In this case the function is forwarded to the destination DLL rather
than stubbed.

As for -c.


A variable "hDLL" is added to hold a pointer to the DLL to forward to, and
the initialization code in ZIPEXTRA_Init is changed to load and free the
forward DLL automatically:

HMODULE hDLL = 0; /* DLL to call through to */

    TRACE("(0x%08x, %ld, %p)\n", hinstDLL, fdwReason, lpvReserved);

    if (fdwReason == DLL_PROCESS_ATTACH)
        hDLL = LoadLibraryA( "real_zipextra" );
        TRACE ("Forwarding DLL (real_zipextra) loaded\n" );
    else if (fdwReason == DLL_PROCESS_DETACH)
        FreeLibrary( hDLL );
        TRACE ("Forwarding DLL (real_zipextra) freed\n" );

    return TRUE;

The stub function is changed to call the forwarding DLL and return that value.

BOOL __stdcall ZIPEXTRA__OpenZipFile(LPCSTR pszFileName)
  BOOL (__stdcall *pFunc)(LPCSTR) = (void*)GetProcAddress(hDLL,"_OpenZipFile");
  BOOL retVal;
  TRACE("((LPCSTR)%s) stub\n", pszFileName);
  retVal = pFunc(pszFileName);
  TRACE("returned (%ld)\n",(LONG)retVal));
  return retVal;

This allows you to investigate the workings of a DLL without interfering in
its operation in any way (unless you want to).

In the example I have been using, we probably should have used the -o option
to change the output name of our DLL to something else, and used the -f
option to forward to the real zipextra DLL:

winedump spec zipextra -f zipextra -o myzipextra -I "~/zipextra/include/*h"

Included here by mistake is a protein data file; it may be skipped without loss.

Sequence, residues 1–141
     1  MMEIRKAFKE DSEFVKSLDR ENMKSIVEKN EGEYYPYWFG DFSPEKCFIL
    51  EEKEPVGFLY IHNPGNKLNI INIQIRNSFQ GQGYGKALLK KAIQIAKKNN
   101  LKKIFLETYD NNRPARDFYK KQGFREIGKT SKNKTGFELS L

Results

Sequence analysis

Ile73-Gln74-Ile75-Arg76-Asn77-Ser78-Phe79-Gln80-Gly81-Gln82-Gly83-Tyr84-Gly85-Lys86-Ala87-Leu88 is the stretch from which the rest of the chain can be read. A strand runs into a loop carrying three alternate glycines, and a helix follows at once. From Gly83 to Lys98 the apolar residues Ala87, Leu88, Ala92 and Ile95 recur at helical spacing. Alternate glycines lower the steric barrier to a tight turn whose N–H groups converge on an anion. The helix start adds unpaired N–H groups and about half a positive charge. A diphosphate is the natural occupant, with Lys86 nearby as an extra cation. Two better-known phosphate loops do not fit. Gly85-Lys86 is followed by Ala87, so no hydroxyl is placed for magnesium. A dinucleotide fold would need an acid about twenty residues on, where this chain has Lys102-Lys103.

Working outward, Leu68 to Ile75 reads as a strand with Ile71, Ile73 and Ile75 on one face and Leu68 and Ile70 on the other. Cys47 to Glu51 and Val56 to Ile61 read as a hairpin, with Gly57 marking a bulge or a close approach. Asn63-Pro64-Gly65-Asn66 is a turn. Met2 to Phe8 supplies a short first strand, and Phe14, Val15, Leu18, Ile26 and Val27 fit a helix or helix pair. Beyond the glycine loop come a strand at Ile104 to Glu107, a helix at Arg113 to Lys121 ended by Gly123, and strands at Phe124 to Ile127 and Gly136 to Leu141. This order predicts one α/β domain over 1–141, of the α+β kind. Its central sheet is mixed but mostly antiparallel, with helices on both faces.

Then in the .spec file for our Winelib application, we add the line:

import myzipextra

When we build our application, winebuild resolves the calls to our Unix .so.
As our application runs we can see the values of all parameters passed to
the DLL, and any values returned, without having to write code to dump
them ourselves (see below for a better way to wrap a DLL for forwarding).

This isn't a very realistic example of the usefulness of this feature,
however, since we could print out the results anyway, because it is our
application making the calls to the DLL. Where DLL forwarding is most useful
is where an application or DLL we didn't write calls functions in the DLL.
In this case we can capture the sequence of calls made, and the values passed
around. This is an aid in reimplementing the DLL, since we can add code for a
function, print the results, and then call the real DLL and compare. Only
when our code is the same do we need to remove the function pointer and the
call to the real DLL. A similar feature in wine is +relay debugging. Using a
forwarding DLL allows more granular reporting of arguments, because you can
write code to dump out the contents of types/structures rather than just
their address in memory. A future version of winedump may generate this
code automatically for common Win32 types.

See below for more information on setting up a forwarding DLL.